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US warned Nevada not to use Chinese COVID tests from UAE

DUBAI, United Arab Emirates (AP) — U.S. diplomats and security officials privately warned the state of Nevada not to use Chinese-made coronavirus test kits donated by the United Arab Emirates over concerns about patient privacy, test accuracy and Chinese government involvement, documents obtained by The Associated Press show.

The documents illustrate how the U.S. government actively — if quietly — tried to keep the state out of a project involving the Chinese firm BGI Group, which is the world’s largest genetic sequencing company and which has expanded its reach during the coronavirus pandemic.

U.S. intelligence agencies have warned that foreign powers like China could exploit samples to discover the medical history, illnesses or genetic traits of test takers, though they have not offered any public evidence. Internal emails and documents obtained by the AP from the Nevada governor’s office through a public records request show U.S. authorities expressing such concerns specifically about BGI.

“I hope the Nevada COVID-19 task force leadership is aware of this so they can make an educated decision and know some of the U.S. Government’s concerns,” William Puff, a Homeland Security regional attaché at the U.S. Embassy in Abu Dhabi, wrote in an email forwarded to Nevada officials.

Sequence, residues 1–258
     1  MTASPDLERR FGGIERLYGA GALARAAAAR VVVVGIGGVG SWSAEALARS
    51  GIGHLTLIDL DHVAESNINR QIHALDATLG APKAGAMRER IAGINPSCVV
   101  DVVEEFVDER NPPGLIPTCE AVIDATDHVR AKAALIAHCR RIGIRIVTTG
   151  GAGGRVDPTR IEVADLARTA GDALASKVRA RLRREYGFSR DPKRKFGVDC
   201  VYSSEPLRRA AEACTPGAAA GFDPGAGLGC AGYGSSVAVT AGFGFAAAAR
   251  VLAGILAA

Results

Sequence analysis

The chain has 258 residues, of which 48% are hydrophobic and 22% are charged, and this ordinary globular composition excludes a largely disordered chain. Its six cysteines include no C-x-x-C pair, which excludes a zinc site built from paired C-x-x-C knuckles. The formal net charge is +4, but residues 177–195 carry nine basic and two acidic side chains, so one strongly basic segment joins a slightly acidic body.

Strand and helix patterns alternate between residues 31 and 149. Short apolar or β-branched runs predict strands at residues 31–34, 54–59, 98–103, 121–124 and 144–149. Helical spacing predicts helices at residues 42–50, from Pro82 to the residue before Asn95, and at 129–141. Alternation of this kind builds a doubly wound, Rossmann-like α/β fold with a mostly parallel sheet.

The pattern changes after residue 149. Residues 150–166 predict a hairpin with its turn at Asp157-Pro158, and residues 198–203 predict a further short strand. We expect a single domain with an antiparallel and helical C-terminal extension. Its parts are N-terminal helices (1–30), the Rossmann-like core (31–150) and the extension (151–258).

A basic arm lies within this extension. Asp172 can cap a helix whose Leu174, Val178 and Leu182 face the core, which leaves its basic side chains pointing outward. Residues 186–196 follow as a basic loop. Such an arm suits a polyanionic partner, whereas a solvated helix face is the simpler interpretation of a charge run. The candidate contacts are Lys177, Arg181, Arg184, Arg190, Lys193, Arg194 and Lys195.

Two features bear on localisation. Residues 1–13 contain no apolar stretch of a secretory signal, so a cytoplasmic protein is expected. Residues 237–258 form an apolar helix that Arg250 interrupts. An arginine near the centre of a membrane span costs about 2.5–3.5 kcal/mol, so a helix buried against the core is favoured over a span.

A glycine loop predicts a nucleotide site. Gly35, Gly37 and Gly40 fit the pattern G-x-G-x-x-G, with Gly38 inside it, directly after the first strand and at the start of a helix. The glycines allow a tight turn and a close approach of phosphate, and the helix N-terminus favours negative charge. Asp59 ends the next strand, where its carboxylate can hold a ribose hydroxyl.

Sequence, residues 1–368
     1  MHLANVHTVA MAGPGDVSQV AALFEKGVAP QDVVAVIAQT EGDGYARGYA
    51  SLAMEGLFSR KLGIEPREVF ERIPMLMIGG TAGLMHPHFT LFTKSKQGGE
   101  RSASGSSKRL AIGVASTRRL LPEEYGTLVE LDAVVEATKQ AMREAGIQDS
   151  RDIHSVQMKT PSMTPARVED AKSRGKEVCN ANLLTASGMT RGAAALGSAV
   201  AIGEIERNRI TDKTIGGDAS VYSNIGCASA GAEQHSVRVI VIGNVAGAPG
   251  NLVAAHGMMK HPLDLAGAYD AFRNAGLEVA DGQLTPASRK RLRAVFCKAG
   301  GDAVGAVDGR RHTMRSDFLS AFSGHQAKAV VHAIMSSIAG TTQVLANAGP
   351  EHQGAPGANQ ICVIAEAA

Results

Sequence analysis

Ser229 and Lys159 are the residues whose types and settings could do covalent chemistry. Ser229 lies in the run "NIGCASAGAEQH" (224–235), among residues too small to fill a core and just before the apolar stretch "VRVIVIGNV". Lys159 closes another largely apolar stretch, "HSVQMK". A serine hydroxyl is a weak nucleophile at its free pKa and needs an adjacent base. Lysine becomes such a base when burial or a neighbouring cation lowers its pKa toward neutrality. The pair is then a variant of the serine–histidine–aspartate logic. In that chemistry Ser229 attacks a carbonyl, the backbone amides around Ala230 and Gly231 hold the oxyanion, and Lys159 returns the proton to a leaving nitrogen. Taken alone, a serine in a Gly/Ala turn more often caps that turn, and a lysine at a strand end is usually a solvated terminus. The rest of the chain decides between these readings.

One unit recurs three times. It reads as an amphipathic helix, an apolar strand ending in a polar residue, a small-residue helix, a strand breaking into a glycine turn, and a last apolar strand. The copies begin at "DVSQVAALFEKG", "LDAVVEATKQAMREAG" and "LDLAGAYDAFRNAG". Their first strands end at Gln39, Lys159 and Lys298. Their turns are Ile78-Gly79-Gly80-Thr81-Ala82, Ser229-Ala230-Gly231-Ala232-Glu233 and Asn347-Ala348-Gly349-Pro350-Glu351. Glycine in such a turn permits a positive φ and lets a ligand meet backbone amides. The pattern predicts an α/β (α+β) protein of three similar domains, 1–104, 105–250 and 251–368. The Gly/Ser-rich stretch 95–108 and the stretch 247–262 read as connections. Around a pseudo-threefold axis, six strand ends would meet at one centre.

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The warnings from the Department of Homeland Security and the State Department led the office of Nevada Gov. Steve Sisolak in April to direct a Nevada hospital not to use any of the donated 250,000 test kits as officials turned down an offered laboratory deal.

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Geopolitics could play a role in the U.S. warning. President Donald Trump and his administration have been locked in a trade war with China and also have actively lobbied its allies not to use telecommunication equipment from Chinese firm Huawei, for instance, citing security concerns.

The donation offer to Nevada also involved a shadowy Emirati company called Group 42, which partnered with Shenzhen-based BGI to create a rapid-testing system in the United Arab Emirates. G42 and government officials in the UAE did not respond to multiple requests for comment.

In response to queries from the AP, BGI said in an email that G42 made the donation to Nevada on its own without BGI’s knowledge and that BGI never had direct contact with the state. BGI’s COVID-19 tests have approval from the U.S. Food and Drug Administration for use on an emergency basis and are used in some labs in the United States — but “BGI has no access to either patient samples or patient data,” it said.

“BGI Group takes all aspects of patient data protection, privacy and ethics extremely seriously, and is committed to full compliance with all applicable regulations in the countries in which it operates,” the company said.

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Source: AP News

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